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An ultrasonographically diagnosed short cervix has been associated with an increased risk of preterm birth, but the obstetric consequences of longer cervical lengths have been less well defined. The objective of this study was to determine the association between cervical length and cesarean delivery among women at term.
This is a cohort study of women with a singleton gestation who underwent routine mid-pregnancy transvaginal cervical length assessment and delivered at term. Women who underwent planned cesarean delivery without intent to labor were excluded from analysis. Women were grouped into quartiles based on cervical length, and the association of their cervical length quartile with cesarean delivery was determined in both univariable and multivariable analysis.
5806 subjects were included in this analysis, of whom 58.1% were nulliparous. There were multiple differences among women in the different cervical length quartiles (Table). The frequency of cesarean delivery among the cohort was 18.9%. As cervical length increased, the chance of cesarean delivery increased as well (14.7%, 19.5%, 19.1%, and 22.4% from the 1st through 4th quartiles, respectively). After controlling for potential confounding factors, cervical length quartile remained significantly associated with an increased odds of cesarean for the second (aOR 1.49, 95% CI 1.18-1.88), third (aOR 1.47, 95% CI 1.16-1.85) and fourth (aOR 1.89, 95% CI 1.50-2.38) quartiles, compared to the first quartile. This relationship held true for nulliparous as well as multiparous women.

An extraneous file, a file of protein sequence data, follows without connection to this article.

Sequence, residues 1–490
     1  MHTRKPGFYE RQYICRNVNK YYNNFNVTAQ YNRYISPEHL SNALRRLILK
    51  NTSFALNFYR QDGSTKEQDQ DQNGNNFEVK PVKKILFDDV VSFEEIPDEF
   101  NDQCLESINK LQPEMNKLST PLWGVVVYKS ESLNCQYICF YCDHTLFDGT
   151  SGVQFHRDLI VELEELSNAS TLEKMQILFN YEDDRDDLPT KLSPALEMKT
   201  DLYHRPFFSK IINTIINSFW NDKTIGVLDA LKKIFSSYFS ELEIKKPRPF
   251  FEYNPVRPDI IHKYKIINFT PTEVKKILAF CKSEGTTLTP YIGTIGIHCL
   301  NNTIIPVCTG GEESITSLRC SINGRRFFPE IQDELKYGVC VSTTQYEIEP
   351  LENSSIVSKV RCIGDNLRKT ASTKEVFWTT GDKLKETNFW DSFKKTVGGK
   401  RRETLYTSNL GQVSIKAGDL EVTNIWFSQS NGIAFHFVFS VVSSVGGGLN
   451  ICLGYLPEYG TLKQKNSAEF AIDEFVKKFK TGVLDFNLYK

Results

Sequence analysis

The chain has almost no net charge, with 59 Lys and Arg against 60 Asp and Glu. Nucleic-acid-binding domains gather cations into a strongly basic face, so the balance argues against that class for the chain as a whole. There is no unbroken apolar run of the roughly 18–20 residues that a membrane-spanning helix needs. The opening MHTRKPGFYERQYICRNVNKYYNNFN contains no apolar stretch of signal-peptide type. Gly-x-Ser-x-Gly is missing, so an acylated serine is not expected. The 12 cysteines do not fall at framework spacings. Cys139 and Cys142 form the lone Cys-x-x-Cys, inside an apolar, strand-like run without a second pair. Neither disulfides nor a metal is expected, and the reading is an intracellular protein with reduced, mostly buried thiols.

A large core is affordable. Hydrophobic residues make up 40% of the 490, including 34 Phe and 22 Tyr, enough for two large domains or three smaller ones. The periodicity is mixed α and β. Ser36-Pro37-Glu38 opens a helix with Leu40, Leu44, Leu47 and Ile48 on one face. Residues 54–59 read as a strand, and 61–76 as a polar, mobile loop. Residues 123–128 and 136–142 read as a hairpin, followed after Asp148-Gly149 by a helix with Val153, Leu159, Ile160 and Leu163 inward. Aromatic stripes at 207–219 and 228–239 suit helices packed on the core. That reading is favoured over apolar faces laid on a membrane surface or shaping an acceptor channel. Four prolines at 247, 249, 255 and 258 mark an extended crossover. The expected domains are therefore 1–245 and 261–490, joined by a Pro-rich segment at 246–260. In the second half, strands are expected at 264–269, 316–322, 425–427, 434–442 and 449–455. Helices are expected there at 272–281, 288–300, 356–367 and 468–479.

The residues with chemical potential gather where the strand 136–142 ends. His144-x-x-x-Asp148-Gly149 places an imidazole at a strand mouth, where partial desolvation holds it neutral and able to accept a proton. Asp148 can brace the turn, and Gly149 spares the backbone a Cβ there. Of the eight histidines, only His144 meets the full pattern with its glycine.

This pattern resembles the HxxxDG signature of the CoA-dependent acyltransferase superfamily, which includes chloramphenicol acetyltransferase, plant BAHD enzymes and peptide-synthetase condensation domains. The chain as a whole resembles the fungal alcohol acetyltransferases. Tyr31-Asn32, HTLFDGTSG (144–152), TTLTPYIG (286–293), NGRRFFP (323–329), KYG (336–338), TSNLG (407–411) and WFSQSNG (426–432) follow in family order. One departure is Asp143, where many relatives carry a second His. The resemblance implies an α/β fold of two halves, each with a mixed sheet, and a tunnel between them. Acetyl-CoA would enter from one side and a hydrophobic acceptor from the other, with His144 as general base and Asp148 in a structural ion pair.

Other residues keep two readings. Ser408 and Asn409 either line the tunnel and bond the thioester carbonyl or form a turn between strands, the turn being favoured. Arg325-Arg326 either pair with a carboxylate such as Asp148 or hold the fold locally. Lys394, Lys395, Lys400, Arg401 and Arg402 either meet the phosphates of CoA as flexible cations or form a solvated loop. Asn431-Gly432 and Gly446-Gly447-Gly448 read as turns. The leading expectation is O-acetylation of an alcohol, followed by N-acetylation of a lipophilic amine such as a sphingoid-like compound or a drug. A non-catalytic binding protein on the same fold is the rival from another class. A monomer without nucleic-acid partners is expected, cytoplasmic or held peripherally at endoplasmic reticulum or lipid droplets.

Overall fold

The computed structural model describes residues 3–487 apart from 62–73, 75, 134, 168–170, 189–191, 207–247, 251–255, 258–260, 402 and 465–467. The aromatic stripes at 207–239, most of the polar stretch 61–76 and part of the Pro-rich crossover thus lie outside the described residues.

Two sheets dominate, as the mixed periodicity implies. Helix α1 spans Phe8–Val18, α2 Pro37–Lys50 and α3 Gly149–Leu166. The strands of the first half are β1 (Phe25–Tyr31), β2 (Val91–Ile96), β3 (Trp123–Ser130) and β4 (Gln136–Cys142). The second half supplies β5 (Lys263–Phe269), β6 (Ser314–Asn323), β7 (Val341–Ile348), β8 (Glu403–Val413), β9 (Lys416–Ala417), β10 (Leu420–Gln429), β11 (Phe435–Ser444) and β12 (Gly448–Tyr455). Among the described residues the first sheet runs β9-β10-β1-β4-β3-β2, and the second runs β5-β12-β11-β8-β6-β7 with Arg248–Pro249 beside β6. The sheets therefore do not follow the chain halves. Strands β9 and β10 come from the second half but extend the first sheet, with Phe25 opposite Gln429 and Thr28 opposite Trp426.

1Population characteristics and cervical length per quartile
Increasing mid-trimester cervical length is associated with increasing frequency of cesarean delivery in both nulliparas and multiparas. Preparatory uterine changes that enable successful labor may be initiated as early as the mid-trimester.